Alaska’s congressional delegation personally appealed to President Joe Biden to approve a proposed ConocoPhillips oil development in the state, joining a last-minute lobbying frenzy around the project that’s being cast as a test of his commitment to combating climate change.The lawmakers, including freshman Democratic Representative Mary Peltola, said they made their case for authorizing the plan to allow drilling from three locations at the Willow project during an Oval Office meeting on Thursday that lasted more than an hour.In a joint statement, the lawmakers called the conversation with Biden and senior aides “honest and respectful,” saying they “appreciated the president’s recognition of how critical this moment is for Alaska’s future our nation’s energy transition.”
The $8 billion project is forecast eventually to yield 180,000 barrels per day of crude, or about 1.6% of current US production, with a cumulative output of about 600 million barrels. The Interior Department could issue a final decision as soon as Monday.
Willow presents Biden with his biggest climate and energy decision yet. Although the president campaigned on a pledge to block new drilling on public lands and accelerate the transition away from fossil fuels, he has also pressed oil companies to boost output to tame prices. The project also has drawn support from Alaska labor unions and some indigenous groups — important constituencies for the White House.
“The president has all the information he needs to make the right decision for Alaska and for the nation, and re-approve a three-pad, economically viable Willow project alternative without delay,” the Alaska lawmakers said.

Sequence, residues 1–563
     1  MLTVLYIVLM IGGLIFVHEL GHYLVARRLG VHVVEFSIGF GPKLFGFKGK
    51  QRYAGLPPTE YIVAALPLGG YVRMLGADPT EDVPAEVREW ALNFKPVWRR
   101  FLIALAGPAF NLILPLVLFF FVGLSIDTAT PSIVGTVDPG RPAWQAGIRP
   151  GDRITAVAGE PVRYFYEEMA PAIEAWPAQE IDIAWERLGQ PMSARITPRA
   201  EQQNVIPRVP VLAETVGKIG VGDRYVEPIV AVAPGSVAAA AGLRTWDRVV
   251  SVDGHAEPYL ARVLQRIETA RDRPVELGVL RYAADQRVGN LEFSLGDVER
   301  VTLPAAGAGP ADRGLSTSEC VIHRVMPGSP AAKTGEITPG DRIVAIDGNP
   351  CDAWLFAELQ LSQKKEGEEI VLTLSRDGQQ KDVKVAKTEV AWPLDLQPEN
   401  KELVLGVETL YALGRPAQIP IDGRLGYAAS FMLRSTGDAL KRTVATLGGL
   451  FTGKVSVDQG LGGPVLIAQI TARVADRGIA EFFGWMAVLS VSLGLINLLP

Residents of Nuiqsut, a village about 36 miles from the proposed development, sent a scathing letter Friday to Interior Secretary Deb Haaland arguing their concerns have been drowned out by the oil industry and corporate power that “reaches into every community and household,” even allegedly tainting the environmental review itself.
Proposals to mitigate Willow’s impact on the community are insufficient, were not suggested by Nuiqsut and tantamount to “payoffs for the loss of our health and culture,” said Native Village of Nuiqsut President Eunice Brower, City of Nuiqsut Mayor Rosemary Ahtuangaruak and the city’s vice mayor, Carl Brower, writing in their personal capacities.
Environmental advocates and lawmakers have been outlining legal options for the Biden administration to bolster a possible denial. One memo given to administration officials makes the case that the government could reject ConocoPhillips’s project without breaching the terms of the company’s leases in the National Petroleum Reserve-Alaska.
Separately, almost two dozen congressional Democrats told Biden in a letter on Friday there’s legal authority for Haaland to block proposed drilling if necessary to mitigate “significantly adverse effects” on its surface resources.